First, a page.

I think many people had trouble understanding that Larson was writing about Germany as it was in 1934, not as it came to be known at the end of the war. Despite the Depression, there was a sort of “eat, drink, and be merry for tomorrow we die” sort of atmosphere. The people who surrounded the Dodds, especially Martha, didn’t experience the hunger and the fear of the 1930’s. The German people wanted/needed/had to believe their worlds were going to get very much better after the war years. They had no idea what was waiting for them; the Nazis were still building consensus and trust.

  5. Vesna Yourkin says:

    What a fantastic book, despite the subject matter. I have never had the privilege to read such an account. This is the type of book that if taken to heart, leads to much further research and investigating and knowledge. I too, like Michael, am looking for an online version of the Fortune magazine. So far, have only found magazines for sale. Anyone find an online version of the magazine to read – more specifically the article mentioned in the book ?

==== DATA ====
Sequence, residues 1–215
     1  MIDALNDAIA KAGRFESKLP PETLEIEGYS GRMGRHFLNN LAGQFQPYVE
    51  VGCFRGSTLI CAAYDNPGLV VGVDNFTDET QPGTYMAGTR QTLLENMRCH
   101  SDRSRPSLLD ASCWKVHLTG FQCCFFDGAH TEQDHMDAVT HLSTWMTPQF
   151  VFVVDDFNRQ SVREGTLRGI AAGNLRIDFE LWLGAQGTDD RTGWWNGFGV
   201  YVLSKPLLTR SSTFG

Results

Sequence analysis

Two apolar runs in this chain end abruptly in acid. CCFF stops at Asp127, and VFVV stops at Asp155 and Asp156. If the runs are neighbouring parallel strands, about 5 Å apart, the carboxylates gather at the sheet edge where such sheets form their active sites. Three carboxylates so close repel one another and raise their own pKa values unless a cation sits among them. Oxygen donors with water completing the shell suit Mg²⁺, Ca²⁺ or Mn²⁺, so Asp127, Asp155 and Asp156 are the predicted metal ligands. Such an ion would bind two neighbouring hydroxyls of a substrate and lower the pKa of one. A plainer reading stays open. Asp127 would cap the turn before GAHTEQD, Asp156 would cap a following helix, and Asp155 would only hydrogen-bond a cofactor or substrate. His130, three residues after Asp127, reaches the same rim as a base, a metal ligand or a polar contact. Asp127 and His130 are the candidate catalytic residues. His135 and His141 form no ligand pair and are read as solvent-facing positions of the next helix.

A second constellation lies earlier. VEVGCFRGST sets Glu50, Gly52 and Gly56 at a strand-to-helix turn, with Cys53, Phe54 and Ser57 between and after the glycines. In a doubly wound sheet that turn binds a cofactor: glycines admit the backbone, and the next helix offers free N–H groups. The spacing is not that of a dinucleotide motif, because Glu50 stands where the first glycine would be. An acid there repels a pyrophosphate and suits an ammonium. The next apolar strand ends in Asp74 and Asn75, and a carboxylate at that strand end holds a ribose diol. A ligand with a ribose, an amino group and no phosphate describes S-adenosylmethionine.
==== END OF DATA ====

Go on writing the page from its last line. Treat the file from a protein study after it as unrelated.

Highly recommend reading it.

    – Vesna Yourkin

  6. Beth says:

    There can never be too much information about this period. The current popularity of the neo-Nazi movements in North America and Europe must not be considered men playing games.

  7. Pingback: AUTHORS I – M | MURDER by TYPE